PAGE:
Here is the auction of the original this is based on if anyone is curious: http://antiqueswords.com/product-1992-A-Good-...ad-image-3



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Last edited by Jesse Belsky on Mon 10 Mar, 2014 6:23 pm; edited 1 time in total
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Jesse Belsky
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Location: Durham, NC
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PostPosted: Mon 10 Mar, 2014 6:21 pm    Post subject:         Reply with quote

And some additional photos, including the original antique this was inspired by.


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Roger Hooper




Location: Northern California
Joined: 18 Aug 2003
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PostPosted: Mon 10 Mar, 2014 9:21 pm    Post subject:         Reply with quote

That's beautiful work.

It's not a Mortuary sword, but it is definitely related to those hilts, with some similar features.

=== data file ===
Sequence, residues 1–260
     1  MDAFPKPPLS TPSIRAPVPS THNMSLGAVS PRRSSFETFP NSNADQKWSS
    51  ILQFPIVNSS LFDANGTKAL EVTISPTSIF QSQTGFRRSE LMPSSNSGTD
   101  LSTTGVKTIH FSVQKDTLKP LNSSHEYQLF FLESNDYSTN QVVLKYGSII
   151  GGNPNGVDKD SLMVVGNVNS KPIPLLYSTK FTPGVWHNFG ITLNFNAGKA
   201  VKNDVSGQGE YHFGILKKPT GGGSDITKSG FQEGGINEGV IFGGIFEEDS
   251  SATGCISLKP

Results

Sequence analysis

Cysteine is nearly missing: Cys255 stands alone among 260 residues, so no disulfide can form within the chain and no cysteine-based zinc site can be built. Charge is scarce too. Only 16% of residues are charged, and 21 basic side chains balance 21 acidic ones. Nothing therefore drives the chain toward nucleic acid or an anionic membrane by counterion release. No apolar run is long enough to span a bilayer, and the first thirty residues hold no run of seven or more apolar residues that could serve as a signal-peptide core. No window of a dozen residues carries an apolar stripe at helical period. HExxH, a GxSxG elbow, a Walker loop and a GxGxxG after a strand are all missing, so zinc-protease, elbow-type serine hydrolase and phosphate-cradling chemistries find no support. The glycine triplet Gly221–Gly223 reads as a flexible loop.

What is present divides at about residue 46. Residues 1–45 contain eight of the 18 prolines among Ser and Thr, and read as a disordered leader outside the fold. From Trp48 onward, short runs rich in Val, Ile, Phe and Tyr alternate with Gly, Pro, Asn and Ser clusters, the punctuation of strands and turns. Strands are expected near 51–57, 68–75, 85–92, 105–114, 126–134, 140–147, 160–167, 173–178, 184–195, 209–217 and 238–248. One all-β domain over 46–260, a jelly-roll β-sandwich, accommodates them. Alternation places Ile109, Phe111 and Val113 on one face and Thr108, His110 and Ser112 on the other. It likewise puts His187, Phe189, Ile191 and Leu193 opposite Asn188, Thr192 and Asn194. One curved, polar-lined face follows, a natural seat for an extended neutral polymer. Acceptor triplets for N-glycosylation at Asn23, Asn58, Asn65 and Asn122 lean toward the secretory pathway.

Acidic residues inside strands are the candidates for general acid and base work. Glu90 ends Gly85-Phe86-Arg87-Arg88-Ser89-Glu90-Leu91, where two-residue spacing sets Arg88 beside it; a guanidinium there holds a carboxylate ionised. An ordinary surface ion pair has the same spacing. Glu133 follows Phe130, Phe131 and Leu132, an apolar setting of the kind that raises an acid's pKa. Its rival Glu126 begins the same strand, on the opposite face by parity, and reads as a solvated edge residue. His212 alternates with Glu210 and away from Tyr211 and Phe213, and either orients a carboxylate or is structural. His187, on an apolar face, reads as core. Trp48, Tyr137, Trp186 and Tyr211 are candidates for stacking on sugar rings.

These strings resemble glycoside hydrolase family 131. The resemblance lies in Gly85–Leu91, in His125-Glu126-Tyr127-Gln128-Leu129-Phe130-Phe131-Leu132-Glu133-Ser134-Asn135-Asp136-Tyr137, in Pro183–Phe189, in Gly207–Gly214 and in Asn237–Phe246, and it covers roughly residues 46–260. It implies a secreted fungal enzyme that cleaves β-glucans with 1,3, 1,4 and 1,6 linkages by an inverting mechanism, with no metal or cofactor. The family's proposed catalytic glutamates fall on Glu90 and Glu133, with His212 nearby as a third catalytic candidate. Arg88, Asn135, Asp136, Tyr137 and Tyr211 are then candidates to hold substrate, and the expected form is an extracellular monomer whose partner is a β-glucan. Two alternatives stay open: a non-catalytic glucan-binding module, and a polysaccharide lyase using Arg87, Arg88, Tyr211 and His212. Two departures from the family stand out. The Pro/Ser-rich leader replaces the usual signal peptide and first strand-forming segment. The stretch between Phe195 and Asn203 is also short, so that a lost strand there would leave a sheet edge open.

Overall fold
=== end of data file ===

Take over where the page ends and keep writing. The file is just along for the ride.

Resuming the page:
It was a good choice to go with the leafy/floral pattern, and ditch the goofy cavalier faces.
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Jerry Monaghan




Location: melbourne australia
Joined: 29 Oct 2006
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PostPosted: Tue 11 Mar, 2014 12:53 am    Post subject:         Reply with quote

Hi Jesse.
Love that hilt as does my wife she said it is the only type of sword that she would like to own.
May be an hint ?

Regards

Jerry Monaghan
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Lee O'Hagan




Location: Northamptonshire,England
Joined: 30 Sep 2003
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PostPosted: Tue 11 Mar, 2014 9:09 am    Post subject:         Reply with quote

Well done Jesse,
Lovely job, good call on the floral too over the faces,
Cool
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Radovan Geist




Location: Slovakia
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PostPosted: Tue 11 Mar, 2014 11:37 pm    Post subject:         Reply with quote

HI Jesse, it´s really super-nice. I love that decoration. I´m a big fan of your rapiers...
May I ask one technical question? From your pictures I assume that the hilt parts are welded together (if so, your welds are nice and clean ), not hot-forged and cut from one piece of steel. Do you use electric welding? Thanks.